- I don't use name placeholders for the parameters.
- Parameters are bidirectional.
For the first assumption, I personally favor naming my prototypes the same as the name of the program. This of course means that you're restricted to the IBM i limit of 10 characters, and you have to use whatever naming convention applies to the program object. Some people prefer a longer, more descriptive name and that's fine, but that allows you to call the same program by different names in different calling programs. I get confused when the same program is called different things, but that's just me; I'm a simple guy.
The second thing is the use of *N for the parameter names. This simply means that I'm not naming the parameters, and once again, I'm opting for simplicity. You can name those parameters whatever you want, but it's a little strange to me, because those names aren't actually defined in the program. Names in procedures are really no more than comments, and I prefer my comments to be preceded by slashes (which also turns them turqoise). You may also notice that I'm using the LIKE parameter, which in turn means that I'm assuming that PARM1 and PARM2 are defined. Well, if they're in PARM opcodes, they must be defined. The only wrinkle would be if they were defined in the PARM opcode itself, which you can do:
C PARM PARM1 10
You'd have to change this code to instead define PARM1 in a D-spec somewhere in order for my technique to work. The better conversion utilities will do that for you.
Finally, as I noted, this assumes bidirectional parameters. That really comes into play more on the call, so let's see what the converted call looks like:
PROGRAM( PARM1: PARM2);
It doesn't get much simpler than that. No matter how many parameters in your original PARMs, just keep adding them to the list here. Since a free-form specification can span multiple lines, just keep adding until you're done.
I said there were potential complications. For example, what about when you have a constant? You may have something like this:
C CALL 'IOCUST'
C PARM 'G' OPCODE
C PARM CUSTNO
C PARM RECORD
This isn't intended to be a real example, but hopefully it will suffice to show the fundamental change that can best handle this case. The prototype would be more like this:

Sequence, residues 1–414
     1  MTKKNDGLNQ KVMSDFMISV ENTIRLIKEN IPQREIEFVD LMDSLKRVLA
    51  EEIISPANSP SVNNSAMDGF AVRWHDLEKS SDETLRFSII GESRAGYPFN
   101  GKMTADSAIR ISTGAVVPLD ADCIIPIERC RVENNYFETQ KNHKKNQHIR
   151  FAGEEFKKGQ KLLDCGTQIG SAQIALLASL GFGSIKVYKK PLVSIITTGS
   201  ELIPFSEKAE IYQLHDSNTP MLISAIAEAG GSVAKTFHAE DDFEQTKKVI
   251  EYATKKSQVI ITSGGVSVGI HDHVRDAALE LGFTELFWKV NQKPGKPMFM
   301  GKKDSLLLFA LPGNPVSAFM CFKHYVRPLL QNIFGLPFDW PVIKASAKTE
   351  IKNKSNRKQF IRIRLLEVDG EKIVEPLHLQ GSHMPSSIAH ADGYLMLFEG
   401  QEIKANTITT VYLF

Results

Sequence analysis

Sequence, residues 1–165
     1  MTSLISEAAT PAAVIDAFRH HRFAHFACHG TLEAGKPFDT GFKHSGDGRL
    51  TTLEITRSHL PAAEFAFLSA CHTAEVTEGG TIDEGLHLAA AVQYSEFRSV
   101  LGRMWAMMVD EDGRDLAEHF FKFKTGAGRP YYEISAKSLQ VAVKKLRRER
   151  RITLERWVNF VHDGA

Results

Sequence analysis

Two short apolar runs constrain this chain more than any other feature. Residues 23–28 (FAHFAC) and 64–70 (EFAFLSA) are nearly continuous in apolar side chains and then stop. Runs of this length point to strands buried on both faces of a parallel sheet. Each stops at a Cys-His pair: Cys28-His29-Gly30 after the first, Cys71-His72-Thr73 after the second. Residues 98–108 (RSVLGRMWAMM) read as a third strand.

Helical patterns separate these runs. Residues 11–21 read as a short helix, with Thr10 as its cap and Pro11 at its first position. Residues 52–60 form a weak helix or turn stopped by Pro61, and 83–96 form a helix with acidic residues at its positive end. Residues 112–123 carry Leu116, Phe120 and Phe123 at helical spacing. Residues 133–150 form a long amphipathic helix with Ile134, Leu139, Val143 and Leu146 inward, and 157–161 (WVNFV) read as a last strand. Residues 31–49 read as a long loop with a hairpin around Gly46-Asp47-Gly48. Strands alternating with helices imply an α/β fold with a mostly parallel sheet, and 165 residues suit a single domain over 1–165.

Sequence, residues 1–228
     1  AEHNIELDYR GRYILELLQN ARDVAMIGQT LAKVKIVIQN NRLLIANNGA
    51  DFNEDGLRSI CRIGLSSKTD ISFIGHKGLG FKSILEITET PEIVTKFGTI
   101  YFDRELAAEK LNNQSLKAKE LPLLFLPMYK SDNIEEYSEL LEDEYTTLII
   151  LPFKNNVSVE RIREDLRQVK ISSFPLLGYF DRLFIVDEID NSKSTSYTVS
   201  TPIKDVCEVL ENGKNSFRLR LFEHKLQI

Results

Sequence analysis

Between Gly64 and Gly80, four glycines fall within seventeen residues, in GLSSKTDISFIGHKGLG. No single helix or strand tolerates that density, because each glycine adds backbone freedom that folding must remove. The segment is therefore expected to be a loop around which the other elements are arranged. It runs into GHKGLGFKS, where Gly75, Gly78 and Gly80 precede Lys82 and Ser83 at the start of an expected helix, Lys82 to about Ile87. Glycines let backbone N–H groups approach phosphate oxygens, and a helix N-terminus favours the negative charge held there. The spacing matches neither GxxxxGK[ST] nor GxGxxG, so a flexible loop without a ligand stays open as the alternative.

dcl-pr IOCUST extpgm;
*n like(OPCODE) const;
The parameters are defined the same way, the difference being that first parameter, which has the keyword CONST added. CONST says that the value being passed to the program will not be changed in the calling program, which in turn allows you to specify a literal and have the compiler create a temporary variable with that literal to pass to the program. The call then looks like this:
IOCUST( 'G': CUSTNO: RECORD);
A temporary variable of the same type as OPCODE will be created and initialized to the value ‘G’ before being passed to IOCUST. This won't handle every possible nuance of the PARM opcode. If you expected to get a value back in the OPCODE variable, then obviously it won't happen here.
Other issues come into play. What if you call the same program with different lists of parameters or different PLISTs? Then you have to start making some decisions on how you want to set up your procedure declaration. Though daunting, it's not as impossible as it might seem at first glance. For example, even if you don't always pass the same paramters (or even the same number), in all but the most unusual program designs you always pass the same kind of paramters. In that case, using *NOPASS on your parameters can handle different numbers of parameters, and you can pass any variable you'd like by just naming it in the procedure call.
If you're using the same PLIST for multiple programs, you'll probably want to create separate procedural declarations for each. There are some slick ways around that, which we'll cover in another article.
Just the Beginning
The topics in this article should get you started on your way to complete free-form RPG programming. Look for other topics, including KLISTs and BIFs, in subsequent articles.